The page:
One of the things we talked about in our previous interview was the idea of what you called “deaths of despair”—Americans dying due to different societal problems and addictions—and this was before the pandemic. Do you feel Antlers is even more relevant now?

Yeah; Guillermo told me, when he watched Antlers again, “I think the film has taken on more relevance, sadly, through the pandemic.” Those “deaths of despair” have now far surpassed anything we’ve seen since the dawn of the 20th century. This unprecedented epidemic of suicides and drug- and alcohol-related deaths—all of that, I wanted to gently weave into the narrative. For me, the scariest thing in the film is the horrors of generational trauma and the “deaths of despair” that kind of sit over this small town like an invisible gas, as opposed to dealing with an angry Wendigo. There are a lot of towns in America, much like Cispus Falls, and I believe people tend to turn a blind eye to them.

The monster stuff also really lands, though. What percentage of that was practical, and how much was digital?

A lot of it was practical. I don’t know what the percentage is, but most everything in the mine, or at least 80 percent, was practical. Some of the sequences, like the one in the shed, had some CGI, but the folks at Legacy Effects were quite remarkable. It was an eye-opening experience because Antlers was my first immersion into the supernatural, albeit a rather grounded experience. And I have to say, I wouldn’t have made the film if not for Guillermo—certainly dealing with the creatures, because he’s one of the most experienced we have, and the best at it.

Who performed the creature on set?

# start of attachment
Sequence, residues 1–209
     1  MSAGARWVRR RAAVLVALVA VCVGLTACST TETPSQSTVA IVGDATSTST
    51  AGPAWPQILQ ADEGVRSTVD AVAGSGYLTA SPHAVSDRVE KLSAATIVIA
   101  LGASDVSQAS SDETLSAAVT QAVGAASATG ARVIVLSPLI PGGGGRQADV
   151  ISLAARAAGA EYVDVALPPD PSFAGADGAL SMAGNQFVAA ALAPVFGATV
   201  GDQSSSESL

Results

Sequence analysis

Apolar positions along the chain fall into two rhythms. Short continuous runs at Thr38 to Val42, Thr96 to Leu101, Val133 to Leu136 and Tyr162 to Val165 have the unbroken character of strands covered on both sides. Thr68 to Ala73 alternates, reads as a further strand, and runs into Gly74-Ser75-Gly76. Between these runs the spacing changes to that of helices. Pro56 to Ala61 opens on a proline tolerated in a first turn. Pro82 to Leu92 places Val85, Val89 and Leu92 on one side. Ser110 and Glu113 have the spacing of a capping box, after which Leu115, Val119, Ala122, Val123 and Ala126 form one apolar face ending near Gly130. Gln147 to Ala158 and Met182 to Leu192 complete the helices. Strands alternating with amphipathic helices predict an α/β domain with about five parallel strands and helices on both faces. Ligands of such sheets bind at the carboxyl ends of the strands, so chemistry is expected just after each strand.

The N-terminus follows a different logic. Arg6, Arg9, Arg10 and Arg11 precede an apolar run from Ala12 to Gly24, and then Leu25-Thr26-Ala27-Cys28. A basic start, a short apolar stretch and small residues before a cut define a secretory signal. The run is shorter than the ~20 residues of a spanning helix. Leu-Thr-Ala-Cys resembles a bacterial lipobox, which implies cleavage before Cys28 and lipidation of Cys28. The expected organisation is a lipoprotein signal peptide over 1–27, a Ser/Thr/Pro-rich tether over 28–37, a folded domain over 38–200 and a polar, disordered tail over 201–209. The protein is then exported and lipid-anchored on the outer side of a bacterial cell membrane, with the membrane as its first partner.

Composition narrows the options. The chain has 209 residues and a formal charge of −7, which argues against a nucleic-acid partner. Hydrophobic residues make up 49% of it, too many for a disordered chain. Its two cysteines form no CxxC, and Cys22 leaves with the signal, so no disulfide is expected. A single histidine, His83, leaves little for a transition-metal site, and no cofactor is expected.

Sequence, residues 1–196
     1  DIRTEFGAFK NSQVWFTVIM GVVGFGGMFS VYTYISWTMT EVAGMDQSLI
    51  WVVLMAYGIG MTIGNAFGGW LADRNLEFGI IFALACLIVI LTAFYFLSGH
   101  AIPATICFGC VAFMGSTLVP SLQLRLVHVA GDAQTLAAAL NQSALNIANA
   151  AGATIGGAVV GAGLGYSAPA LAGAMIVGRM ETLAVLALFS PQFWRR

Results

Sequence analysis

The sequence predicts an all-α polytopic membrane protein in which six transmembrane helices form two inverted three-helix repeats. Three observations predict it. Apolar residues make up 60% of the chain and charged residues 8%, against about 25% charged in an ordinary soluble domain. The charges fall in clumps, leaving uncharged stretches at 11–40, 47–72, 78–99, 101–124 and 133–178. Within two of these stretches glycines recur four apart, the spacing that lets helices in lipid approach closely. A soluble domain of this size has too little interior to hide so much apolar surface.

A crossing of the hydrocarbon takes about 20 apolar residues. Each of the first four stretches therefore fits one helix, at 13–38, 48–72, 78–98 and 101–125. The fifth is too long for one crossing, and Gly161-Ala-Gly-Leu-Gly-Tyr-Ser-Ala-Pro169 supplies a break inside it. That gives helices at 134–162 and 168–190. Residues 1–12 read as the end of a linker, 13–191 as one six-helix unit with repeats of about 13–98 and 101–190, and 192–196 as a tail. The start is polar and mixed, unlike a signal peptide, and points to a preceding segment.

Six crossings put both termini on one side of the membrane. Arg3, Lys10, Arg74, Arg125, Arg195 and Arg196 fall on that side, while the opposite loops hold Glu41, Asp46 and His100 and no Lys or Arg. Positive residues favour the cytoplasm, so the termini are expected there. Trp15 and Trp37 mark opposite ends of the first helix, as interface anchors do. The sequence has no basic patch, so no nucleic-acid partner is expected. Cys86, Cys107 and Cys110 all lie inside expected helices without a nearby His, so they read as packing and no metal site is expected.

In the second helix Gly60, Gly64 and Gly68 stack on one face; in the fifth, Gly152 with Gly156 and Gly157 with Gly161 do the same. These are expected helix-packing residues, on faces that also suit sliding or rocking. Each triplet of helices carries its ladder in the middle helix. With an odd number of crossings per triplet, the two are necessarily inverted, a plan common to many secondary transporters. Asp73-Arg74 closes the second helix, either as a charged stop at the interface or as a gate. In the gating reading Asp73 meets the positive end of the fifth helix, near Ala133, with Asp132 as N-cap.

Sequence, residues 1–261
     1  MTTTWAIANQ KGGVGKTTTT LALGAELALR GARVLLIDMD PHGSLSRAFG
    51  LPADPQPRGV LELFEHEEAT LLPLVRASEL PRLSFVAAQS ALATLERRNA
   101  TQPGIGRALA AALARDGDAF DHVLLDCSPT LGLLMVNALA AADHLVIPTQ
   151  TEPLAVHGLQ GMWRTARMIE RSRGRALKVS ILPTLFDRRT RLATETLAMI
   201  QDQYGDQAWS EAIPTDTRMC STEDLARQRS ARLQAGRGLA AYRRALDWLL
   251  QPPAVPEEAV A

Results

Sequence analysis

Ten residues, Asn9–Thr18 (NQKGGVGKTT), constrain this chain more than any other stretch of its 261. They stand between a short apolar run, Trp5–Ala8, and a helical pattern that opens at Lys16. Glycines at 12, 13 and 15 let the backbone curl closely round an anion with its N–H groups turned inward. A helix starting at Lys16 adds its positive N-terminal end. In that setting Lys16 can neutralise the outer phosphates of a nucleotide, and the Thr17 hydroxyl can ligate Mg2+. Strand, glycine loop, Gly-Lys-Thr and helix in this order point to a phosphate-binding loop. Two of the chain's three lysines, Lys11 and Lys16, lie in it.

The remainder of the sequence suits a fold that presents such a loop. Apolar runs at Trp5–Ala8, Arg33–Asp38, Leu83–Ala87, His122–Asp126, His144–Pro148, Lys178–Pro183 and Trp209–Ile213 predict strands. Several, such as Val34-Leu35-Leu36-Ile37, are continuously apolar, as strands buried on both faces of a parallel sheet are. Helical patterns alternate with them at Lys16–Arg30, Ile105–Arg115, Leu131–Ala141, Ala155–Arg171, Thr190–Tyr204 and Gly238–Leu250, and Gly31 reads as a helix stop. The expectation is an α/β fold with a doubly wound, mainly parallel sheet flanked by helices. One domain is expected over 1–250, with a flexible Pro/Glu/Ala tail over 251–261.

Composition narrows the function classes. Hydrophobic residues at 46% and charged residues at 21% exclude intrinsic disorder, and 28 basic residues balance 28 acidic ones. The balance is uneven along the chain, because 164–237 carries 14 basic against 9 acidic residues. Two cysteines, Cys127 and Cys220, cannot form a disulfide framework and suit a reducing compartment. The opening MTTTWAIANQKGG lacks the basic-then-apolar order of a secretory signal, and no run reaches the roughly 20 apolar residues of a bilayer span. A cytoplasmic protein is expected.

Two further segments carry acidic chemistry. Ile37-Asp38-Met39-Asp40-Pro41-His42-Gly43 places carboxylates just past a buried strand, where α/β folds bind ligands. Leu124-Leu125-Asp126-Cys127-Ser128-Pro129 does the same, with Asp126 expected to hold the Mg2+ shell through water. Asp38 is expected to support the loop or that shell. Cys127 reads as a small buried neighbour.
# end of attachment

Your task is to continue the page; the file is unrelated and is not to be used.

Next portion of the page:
His name was Dorian Kingi, and he was absolutely fantastic, because that suit was heavy, that suit was cumbersome. At times it took four people, I believe, to hold him up, just because it was such a large piece. I have to say, the work that went into it was truly impressive, from inception through the production of the Wendigo, through completion and the digital effects. Again, I don’t employ a great deal of visual effects in my films, but it was a terrific experience combining my grounded approach and Guillermo’s more fantastical approach to filmmaking.

Once you knew that Antlers was going to be delayed for a while, did you have any thoughts about fine-tuning it further?

Oh, of course. The studio was very happy with it, but filmmakers are rarely pleased with how a movie turns out. You’re never quite satisfied until you’re in your grave [laughs] because filmmaking revolves around how you’re feeling at a certain moment, what you’re trying to express. I mean, I would still be cutting Antlers if we had the time and the resources. Even when I go back to my first film, Crazy Heart, I think, “Oh, I could have done this better, I could have done this differently.” Antlers is certainly no different, but I never touched it once, once I’d locked picture. It always helps to be able to go back and look at a film with fresh eyes, though with release schedules and all that stuff, being able to have a very clear eye while making a film is also important. But it takes a lot of time.

Antlers is now playing in theaters.